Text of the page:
The two TV channels that were deceived by the fake psychiatrist, as soon as they realised the trap they had fallen into, rushed to make official announcements. According to these announcements, their reporters had started their assiduous investigation immediately, crosschecking the validity of the information they received. Within the broadcasters’ narratives, it was they who revealed the fake identity of the psychiatrist and the invalidity of the information she had provided. One of the TV stations, Mega Channel, claimed that they had been the first to restore the truth and offered a public apology for transmitting false news.

The incident can be read as a tragicomic comment on the current state of broadcast news. By gaining time and space in the televised windows of that story, the fake news proved in the most comic and, at the same time, tragic way the ease with which Greek television news can be led astray and the superficiality with which it informs its audience. It certainly poses a question about the ‘validity’ of some/a lot of the information that is broadcast on these channels.

I am specially focusing on the kind and quality of information that Greek TV offers its audiences. The confirmation and crosschecking of the pieces of information that come into the newsrooms is the first rule of journalistic deontology. But this rule is often infringed, especially when the television stations put greater emphasis on impressing their audiences with the ‘news’ they broadcast. The case of the heinous and violent murder of the 4-year-old girl by her father was overexploited by a section of prime time television news bulletins, current affairs programmes, newspapers, social and internet media because it is a subject that “sells” and increases the viewer- and readership. This part of the Greek media did not hesitate, at the altar of ratings and circulation figures, to present this fake “psychiatrist” on air who revealed creepy details relating to the little girl’s awful living conditions and the abuse she suffered by her parents.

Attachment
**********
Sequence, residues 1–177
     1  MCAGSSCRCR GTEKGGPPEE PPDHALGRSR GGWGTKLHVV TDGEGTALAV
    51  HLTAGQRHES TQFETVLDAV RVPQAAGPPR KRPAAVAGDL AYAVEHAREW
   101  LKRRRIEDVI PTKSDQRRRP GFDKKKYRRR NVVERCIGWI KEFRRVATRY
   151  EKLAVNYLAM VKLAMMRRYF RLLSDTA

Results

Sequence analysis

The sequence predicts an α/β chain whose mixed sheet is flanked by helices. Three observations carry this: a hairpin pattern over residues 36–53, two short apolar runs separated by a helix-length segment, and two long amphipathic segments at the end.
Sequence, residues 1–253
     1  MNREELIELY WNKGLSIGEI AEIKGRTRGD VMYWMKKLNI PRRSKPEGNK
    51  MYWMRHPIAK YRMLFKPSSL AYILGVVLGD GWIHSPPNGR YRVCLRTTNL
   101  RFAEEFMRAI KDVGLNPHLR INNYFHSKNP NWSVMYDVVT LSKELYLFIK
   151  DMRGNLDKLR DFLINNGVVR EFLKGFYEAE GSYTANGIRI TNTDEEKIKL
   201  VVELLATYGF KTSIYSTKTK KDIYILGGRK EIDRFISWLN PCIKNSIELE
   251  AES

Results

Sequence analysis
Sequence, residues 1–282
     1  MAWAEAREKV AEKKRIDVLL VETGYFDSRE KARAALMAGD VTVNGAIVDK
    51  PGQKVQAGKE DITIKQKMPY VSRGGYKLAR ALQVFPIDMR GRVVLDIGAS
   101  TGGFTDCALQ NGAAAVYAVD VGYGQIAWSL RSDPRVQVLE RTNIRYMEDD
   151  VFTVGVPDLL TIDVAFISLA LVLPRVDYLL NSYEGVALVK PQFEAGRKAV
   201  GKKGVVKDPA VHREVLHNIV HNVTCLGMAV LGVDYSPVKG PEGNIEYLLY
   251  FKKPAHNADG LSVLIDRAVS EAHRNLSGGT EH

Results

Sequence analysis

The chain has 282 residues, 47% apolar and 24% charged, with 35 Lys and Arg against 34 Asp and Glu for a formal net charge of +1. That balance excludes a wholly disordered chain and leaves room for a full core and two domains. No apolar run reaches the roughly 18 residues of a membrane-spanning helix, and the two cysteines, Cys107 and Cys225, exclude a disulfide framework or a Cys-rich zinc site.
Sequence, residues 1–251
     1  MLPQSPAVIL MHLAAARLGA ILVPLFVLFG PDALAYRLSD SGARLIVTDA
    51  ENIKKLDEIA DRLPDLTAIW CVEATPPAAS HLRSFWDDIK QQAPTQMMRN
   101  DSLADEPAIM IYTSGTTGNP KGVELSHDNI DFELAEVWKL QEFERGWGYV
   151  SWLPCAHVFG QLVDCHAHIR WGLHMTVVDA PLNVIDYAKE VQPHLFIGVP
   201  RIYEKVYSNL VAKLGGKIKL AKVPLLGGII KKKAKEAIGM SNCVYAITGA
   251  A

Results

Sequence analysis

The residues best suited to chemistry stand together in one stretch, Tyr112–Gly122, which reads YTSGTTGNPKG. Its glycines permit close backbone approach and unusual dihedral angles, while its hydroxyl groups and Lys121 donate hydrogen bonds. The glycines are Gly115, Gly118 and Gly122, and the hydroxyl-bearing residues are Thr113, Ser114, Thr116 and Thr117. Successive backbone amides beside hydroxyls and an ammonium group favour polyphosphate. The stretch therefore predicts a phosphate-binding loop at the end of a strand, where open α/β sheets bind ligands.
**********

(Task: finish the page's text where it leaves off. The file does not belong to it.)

The commercial competition among the TV networks has alienated the audiovisual field in Greece from its founding principles and has destroyed the basic ethos of professional journalism. The velocity of the news flow, the focus on affect in order to increase ratings, in other words the commercialisation of media enterprises, have an irreversible impact on the depth and quality of the news.

Such painful incidents, as was the case of the little Bulgarian girl’s heinous murder by her own father, which are so highly emotionally charged and affect public opinion in such strong ways, should be treated with caution and sensitivity by all sides involved. Moreover, the reliability and the validity of news sources should be evaluated and crosschecked in order for the mass media to serve their mission as pillars of information in the best way.

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The TV stations that were “deceived” concluded their official announcements in a similar way, underlining that in the shadow of the latest developments, their News and Information Administrations expressed their deep sorrow for the fact that a woman tried to manipulate and deceive the TV stations in such a way. They excused the situation as an individual act which, considering the tragic case which was like a punch in the stomach to Greek society, was committed by a person who did not pay the least respect to the memory of the 4-year-old murdered child just for a few minutes of publicity.

Bearing all of the above in mind, the obvious question that arises is the following: is that really the core of the issue? A few minutes of publicity and not the quality of the information broadcasted by Greek television? And not the superficiality that is imposed by the competition among TV channels which forces them into a constant fight to be the first to broadcast such affective news items and their exclusive developments?


Katerina Serafeim holds a PhD in Journalism and Mass Media, Aristotle University of Thessaloniki and works as a journalist in the Press Office of the Regional Local Government of Central Macedonia, Greece.  She can be reached on katseraf@gmail.com.